Read the full policy in its entirety.

Appeal Procedures

If an employee requesting accommodations disagrees with the determination made by the ADA Coordinator/Decision-maker, an appeal maybe submitted in writing within 30 calendar days of the final disability determination. Individuals who wish to appeal a Reasonable Accommodation determination must contact the Reasonable Accommodation Committee (RAC), via the ADA Coordinator who will consider the appeal in accordance with its standard procedure and guidelines. The ADA Coordinator/Decision-maker will not participate in the appeal decision.

Employees may formally appeal an accommodation denial and/or modification. Employees must complete the Accommodations Outcome Appeal Form and provide a detailed explanation for the reasons they are seeking an appeal. An appeal can be made on the following grounds:

  •  A procedural irregularity that affected the outcome of the matter
  •  New information that was not reasonably available at the time of the determination that could have affected the determination is now available
  •  The ADA Coordinator/Decision-maker has a conflict of interest or bias against the Appellant that affected the outcome
  •  Any other reason not specified above that identifies facts in the record that do not support the accommodation denial and/or modification or identify how the denial and/or modification was based on factors proscribed by state or federal law.

It is within the RAC’s discretion to decline an appeal review when the appellant does not provide sufficient information to meet the grounds for an appeal or the appeal is filed after 30 days of the final determination.

The RAC review will determine whether:

  • proper procedures were followed and all relevant information was gathered and fairly considered,
  • the requested accommodation fundamentally alters the nature of the program or an essential program standard,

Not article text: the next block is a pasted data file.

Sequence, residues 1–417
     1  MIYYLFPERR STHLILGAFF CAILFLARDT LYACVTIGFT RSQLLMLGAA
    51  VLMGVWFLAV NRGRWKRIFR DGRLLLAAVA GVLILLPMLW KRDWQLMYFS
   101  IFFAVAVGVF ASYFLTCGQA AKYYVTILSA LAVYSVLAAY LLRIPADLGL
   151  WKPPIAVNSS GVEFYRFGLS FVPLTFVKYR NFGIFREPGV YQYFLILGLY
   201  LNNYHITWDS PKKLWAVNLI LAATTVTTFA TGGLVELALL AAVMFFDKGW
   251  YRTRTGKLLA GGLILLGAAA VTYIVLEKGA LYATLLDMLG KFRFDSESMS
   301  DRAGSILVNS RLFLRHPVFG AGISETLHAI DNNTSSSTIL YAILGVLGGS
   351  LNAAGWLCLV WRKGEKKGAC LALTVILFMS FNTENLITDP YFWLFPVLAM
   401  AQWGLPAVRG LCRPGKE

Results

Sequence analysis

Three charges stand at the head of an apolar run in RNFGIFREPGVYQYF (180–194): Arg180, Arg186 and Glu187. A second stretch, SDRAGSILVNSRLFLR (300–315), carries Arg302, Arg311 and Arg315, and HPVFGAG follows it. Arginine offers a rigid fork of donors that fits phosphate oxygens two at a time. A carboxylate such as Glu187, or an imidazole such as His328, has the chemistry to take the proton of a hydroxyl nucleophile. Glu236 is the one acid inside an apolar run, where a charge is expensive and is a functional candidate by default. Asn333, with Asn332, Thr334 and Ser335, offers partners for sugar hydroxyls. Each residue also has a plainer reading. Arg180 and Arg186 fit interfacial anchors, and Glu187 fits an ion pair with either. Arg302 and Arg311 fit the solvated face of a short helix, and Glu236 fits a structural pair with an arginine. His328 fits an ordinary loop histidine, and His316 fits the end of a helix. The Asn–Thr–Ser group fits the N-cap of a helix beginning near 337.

• the requested accommodation presents an undue hardship, financial or administrative burden to the institution,
  • the denial/modification is supported by the record and was not arbitrary or capricious,
  • the denial/modification is in compliance with the law,
  • any other factors the RAC deems relevant to the matter.

The RAC may request detailed information from the Appellant and/or ADA Coordinator/Decision-maker denying and/or modifying the request, and may solicit additional information from or consult with those previously involved in the accommodation decision, the overall unit head (dean, director, vice president), HR and other as deemed necessary and appropriate.

Maximum possible confidentiality will be maintained and information will only be shared on a “need to know” basis, if it appears necessary in order to decide the appeal.

The potential outcomes of an ADA appeal may include:

  1.  The decision to deny and/or modify the accommodation(s) is upheld.
  2. The decision to deny and/or modify the accommodation(s) is overturned and the appealing party and the relevant unit return to the Interactive Process to determine implementation of the accommodation.
  3. The RAC returns the issue to the Interactive Process with instruction to reevaluate reasonable accommodations.
  4. The appeal is dismissed for untimeliness or because insufficient information was provided by the appealing party initially or during the course of the review.

The RAC shall provide written notification of the appeal decision within 30 calendar days to the ADA Coordinator. The ADA Coordinator will provide the outcome to the appellant and other relevant parties.

Where a vice presidential area denies an accommodation request solely based on financial undue hardship, the University president, in consultation with the Office of the General Counsel, will make the final determination.

Individuals wishing to appeal may pursue other remedies such as filing a complaint with a federal or state department or agency without it affecting their right to prompt, fair consideration of their appeal to the University.  Use of the University's internal procedure is not necessary in order to pursue other remedies outlined in the Reasonable Accommodation Policy.